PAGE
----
More of What Happens to a Dream Deferred

By Artistic Director, Bruce Miller
Clybourne Park. Photos by Jason Collins Photography
Clybourne Park. Photo by Jason Collins Photography

In 1980, Theatre IV (one of the two nonprofit companies that merged in 2012 to form Virginia Repertory Theatre) produced its first adult audience season.  We were in the second half of our fifth year of operations, and we decided that if we were going to work towards our goal of becoming a regional theatre of national standing, we had better get started.  And so we rented the Westover movie theatre on Forest Hill Avenue (about 500 seats, now known as New Canaan Baptist Church), built a wooden stage in front of the movie screen, equipped the stage with black fabric “legs” and some very basic stage lighting, and produced a three show season consisting of The Diary of Anne Frank, A Raisin in the Sun, and The Philadelphia Story—perhaps a little too predictably something for everyone.

The season was a success, and our aspirations soared.  The following year we rented the recently closed Loew’s movie theatre in downtown Richmond (about 1,800 seats, now known as Carpenter Theatre at CenterStage).  We produced a three-show season consisting of West Side Story, Agatha Christie’s Ten Little Indians and Born Yesterday.  This second season also was a success, and we were on our way.  The following year we would rent the Empire Theatre (about 600 seats, now known as the November Theatre), and purchase the same building four years later in 1986.

Prior to that first season in 1980, we had produced two adult audience productions in our first three months of operation:  Where’s Charley? and The Glass Menagerie.  Both of those shows succeeded artistically, but financially they were flops.  We learned early on that when we produced plays for children and families, we sold enough tickets to cover our expenses.  And so from Oct of 1975 until January of 1980, we focused strictly on children’s theatre, both mainstage and touring, and built our financial foundation before returning to plays for adult audiences in the spring of ’80.

Our production of A Raisin in the Sun was co-produced with Virginia Union University, and directed by Amini Johari, the director of VUU’s theatre program.  Raisin starred Kweli Leapart and Tony Cosby, two wonderful actors with whom we’d have long and productive relationships.  Amini is now known as Johari Amini.  She is an acclaimed educator and director in Maryland; a recent biography can be found here.

A Raisin in the Sun was our first foray into African American theatre, and Amini, Kweli and Tony were very gracious and forgiving teachers.  Phil Whiteway, Managing Director then and now, played Karl Lindner, the only white character in the show.  Lindner seems like a nice enough man at first.  He says he represents a kind of “welcoming committee” from Clybourne Park, the predominantly white neighborhood where the black family in Raisin, the Youngers, is planning to move.  Lindner implies that if people of different races would just sit down and talk to each other, a lot of problems could be resolved.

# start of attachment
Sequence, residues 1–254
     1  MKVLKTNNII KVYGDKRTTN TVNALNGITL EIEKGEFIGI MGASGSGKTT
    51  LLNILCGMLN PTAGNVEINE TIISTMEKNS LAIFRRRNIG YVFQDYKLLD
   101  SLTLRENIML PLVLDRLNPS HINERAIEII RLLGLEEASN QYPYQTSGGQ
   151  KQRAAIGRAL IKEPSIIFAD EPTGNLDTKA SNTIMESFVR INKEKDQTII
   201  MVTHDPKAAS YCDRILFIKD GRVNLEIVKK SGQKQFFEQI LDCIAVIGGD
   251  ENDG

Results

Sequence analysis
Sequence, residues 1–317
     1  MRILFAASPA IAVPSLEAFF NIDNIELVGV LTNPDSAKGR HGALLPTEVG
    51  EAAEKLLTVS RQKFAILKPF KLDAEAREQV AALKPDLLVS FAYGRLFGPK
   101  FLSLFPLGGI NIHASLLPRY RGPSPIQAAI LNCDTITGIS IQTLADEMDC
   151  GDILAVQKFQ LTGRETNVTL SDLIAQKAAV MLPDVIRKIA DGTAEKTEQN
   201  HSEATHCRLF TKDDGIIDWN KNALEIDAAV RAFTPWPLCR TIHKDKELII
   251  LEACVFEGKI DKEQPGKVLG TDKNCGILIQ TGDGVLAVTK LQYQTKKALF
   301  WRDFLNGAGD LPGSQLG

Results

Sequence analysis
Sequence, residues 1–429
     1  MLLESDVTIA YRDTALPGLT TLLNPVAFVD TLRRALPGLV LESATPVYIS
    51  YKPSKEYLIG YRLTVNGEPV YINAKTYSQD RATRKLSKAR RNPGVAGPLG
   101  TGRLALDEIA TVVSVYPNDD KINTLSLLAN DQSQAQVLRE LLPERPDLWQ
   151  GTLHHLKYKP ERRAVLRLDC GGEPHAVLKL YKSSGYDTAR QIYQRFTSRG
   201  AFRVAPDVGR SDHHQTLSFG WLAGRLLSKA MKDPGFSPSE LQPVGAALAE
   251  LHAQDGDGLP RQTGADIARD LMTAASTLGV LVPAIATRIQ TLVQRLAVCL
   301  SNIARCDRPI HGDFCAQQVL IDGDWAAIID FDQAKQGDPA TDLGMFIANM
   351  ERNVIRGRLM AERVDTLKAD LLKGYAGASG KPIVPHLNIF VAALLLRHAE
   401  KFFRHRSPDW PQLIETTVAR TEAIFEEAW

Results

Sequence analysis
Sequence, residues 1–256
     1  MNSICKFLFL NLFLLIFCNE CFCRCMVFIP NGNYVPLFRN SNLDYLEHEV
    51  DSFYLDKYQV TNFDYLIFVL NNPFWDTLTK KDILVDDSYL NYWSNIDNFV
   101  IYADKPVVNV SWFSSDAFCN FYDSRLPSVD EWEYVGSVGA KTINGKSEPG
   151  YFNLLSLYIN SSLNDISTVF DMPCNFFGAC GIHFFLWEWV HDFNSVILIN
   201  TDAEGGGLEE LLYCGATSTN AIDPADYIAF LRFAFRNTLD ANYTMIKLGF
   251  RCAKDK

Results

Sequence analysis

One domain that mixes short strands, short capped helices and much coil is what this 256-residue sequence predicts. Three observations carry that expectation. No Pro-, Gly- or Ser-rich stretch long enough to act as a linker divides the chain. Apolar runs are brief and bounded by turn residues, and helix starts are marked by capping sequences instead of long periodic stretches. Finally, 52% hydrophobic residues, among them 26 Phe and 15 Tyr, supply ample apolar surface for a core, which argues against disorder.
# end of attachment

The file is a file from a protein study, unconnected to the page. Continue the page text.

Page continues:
Of course, in Raisin, Lindner has no desire to “welcome” the Youngers at all.  His idea of resolving the “problem” of a black family moving into the neighborhood is to try to bribe the family into selling their new home back to the white neighborhood association.

Clybourne Park
Photo by Jason Collins Photography

This week, Cadence Theatre, in partnership with Virginia Rep, will be opening Clybourne Park, a brilliant new play by Bruce Norris, in our Theatre Gym studio space (81 seats, located in Virginia Rep Center next door to the November).  Clybourne Park was written in 2010 in response to Lorraine Hansberry’s classic Raisin in the Sun.  The play was awarded the 2011 Pulitzer Prize for Drama and the 2012 Tony Award for Best Play.

Act I of Clybourne Park takes place in 1959, during the same time period as A Raisin in the Sun.  The character of Karl Lindner appears in Clybourne, only this time he is trying to convince his white neighbors not to sell their home to the black Youngers.  As we know from Raisin, his attempt is doomed to failure.

Act II of Clybourne takes place in the same house 50 years later.  During that half century, Clybourne Park has become an all-black neighborhood, and the issue now is not integration but gentrification.  A white couple seeking to buy and replace the house are being forced to negotiate local housing regulations with a black couple representing a neighborhood association.  The discussion of housing codes soon degenerates into one of racial issues, and we quickly realize that everything has changed and nothing has changed.

Clybourne Park is directed by Keri Wormald (August: Osage County) and features an outstanding cast including David Bridgewater, Andrew Firda, McLean Jesse, Katie McCall, Thomas Nowlin, Steve Perigard and Tyra Robinson.  Scenic Design is by Phil Hayes, Lighting Design by Andrew Bonniwell, Costume Design by Lynn West, Props by Sarah Stepahin, Scenic Painting by Terrie Powers, Dialect Coaching by Janet Rodgers and Set Dressing by Irene Ziegler.

Please join us for this yet another great contemporary play from the Cadence / Virginia Rep partnership.